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Emergencies in the air
  1. A Qureshi1,
  2. K M Porter2
  1. 1Research Registrar, Selly Oak Hospital
  2. 2Consultant Trauma Surgeon & Immediate Care Practitioner, Selly Oak Hospital
  1. Correspondence to:
 K Porter
 Selly Oak Hospital, Selly Oak, Birmingham B29 6JD, UK;


Medical emergencies in the air are topical. This study, undertaken by the Faculty of Prehospital Care at the Royal College of Surgeons of Edinburgh, analyses retrospectively consecutive medical emergencies occurring over a 6 month period on a single major international airline. Clinical problems are related to pre-existing problems (65%), new medical problems (28%), and traumatic injury (7%).

The paper highlights the need for better pre-flight health advice and screening, a reminder to carry personal medication—especially for asthma—and the need to include ankle and leg exercises prior to getting out of the seat to reduce the incidence of syncope, which was responsible for 91% of new medical problems.

  • medical emergencies
  • in flight
  • illness prevention

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Medical issues surrounding air travel such as thrombo-embolic events and defibrillation have gained increasing publicity. The British Medical Association has recently raised concerns over training of flight staff and equipment carried during flights. The data on in-flight emergencies remains limited including preventative health measures.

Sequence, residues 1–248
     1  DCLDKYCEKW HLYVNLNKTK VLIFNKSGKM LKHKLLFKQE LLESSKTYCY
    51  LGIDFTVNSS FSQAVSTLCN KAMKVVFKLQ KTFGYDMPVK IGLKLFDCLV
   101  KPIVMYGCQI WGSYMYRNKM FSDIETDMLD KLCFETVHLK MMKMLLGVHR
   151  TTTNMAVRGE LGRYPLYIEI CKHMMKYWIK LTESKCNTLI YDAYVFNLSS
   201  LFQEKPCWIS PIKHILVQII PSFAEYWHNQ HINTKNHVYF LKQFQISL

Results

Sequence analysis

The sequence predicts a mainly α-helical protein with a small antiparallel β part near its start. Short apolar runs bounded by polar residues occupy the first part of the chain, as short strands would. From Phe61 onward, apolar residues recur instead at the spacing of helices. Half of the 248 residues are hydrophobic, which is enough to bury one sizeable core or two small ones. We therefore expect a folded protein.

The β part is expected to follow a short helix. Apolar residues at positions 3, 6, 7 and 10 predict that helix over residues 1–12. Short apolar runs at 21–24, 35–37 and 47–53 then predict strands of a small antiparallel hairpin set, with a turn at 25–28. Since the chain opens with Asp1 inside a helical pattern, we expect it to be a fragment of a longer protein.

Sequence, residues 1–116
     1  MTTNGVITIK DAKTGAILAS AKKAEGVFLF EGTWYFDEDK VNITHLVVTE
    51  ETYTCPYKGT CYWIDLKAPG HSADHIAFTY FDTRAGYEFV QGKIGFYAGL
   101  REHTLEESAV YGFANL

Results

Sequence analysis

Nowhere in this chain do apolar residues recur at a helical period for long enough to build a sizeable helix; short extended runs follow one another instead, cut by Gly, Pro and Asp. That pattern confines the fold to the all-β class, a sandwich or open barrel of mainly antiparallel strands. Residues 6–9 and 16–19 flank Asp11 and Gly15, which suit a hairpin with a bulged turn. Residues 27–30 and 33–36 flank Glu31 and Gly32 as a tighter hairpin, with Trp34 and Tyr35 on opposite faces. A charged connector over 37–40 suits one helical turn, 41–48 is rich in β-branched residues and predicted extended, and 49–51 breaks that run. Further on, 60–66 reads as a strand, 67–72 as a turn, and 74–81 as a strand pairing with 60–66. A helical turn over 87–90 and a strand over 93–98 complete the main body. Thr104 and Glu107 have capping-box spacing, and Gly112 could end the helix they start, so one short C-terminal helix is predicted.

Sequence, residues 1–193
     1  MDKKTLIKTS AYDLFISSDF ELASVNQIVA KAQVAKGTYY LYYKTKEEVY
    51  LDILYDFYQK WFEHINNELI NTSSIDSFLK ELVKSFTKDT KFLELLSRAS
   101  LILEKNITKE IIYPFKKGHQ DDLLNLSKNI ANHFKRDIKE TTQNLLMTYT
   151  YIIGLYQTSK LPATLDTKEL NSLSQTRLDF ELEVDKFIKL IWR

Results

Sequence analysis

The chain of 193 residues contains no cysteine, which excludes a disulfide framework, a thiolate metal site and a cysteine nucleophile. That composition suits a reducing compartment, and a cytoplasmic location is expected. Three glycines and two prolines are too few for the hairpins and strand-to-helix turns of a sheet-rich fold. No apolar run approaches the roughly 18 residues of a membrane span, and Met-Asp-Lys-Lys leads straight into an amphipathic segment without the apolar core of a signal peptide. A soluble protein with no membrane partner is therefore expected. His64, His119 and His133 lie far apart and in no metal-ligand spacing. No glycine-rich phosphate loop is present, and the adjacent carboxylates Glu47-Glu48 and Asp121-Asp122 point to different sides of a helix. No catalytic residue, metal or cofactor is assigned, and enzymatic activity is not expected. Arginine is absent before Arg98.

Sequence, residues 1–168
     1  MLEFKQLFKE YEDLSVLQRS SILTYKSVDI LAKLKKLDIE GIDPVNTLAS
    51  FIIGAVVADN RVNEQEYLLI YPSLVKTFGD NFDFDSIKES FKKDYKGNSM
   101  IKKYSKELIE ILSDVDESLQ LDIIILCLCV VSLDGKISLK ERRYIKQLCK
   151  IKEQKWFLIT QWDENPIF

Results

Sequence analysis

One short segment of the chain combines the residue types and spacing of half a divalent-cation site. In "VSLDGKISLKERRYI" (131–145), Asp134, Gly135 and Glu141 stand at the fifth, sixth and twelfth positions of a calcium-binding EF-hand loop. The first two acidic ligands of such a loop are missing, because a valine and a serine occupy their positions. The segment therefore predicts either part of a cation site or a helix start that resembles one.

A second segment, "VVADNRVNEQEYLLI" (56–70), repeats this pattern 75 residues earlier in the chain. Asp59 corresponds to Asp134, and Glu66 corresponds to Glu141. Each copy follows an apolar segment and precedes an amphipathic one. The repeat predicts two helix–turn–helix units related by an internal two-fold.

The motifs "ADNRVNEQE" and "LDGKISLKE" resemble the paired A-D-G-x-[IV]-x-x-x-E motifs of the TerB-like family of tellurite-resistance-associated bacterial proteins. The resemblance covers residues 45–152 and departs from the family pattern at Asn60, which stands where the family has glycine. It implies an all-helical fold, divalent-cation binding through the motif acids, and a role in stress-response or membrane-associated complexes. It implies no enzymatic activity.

Cabin crew for this carrier receive 30 hours of training in first aid and basic life support during their introductory training period which is followed by annual updates. Senior aircrew, usually the purser are trained in the use of an automated defibrillator. The aircraft carries a first aid kit that all cabin crew are trained to use. In addition there is a medical kit which can be used by any doctor, nurse or paramedic who may respond to an assistance call. In addition in-flight advice is available from Medlink, which is one of a number of independent commercial companies to give direct advice including medical diversion and to arrange support for patients on landing.


Voyage Report Forms are completed for each in-flight medical emergency and are collated by a single department. This study reports all in-flight medical emergencies occurring between June 2002 and December 2002 from a single major International Carrier.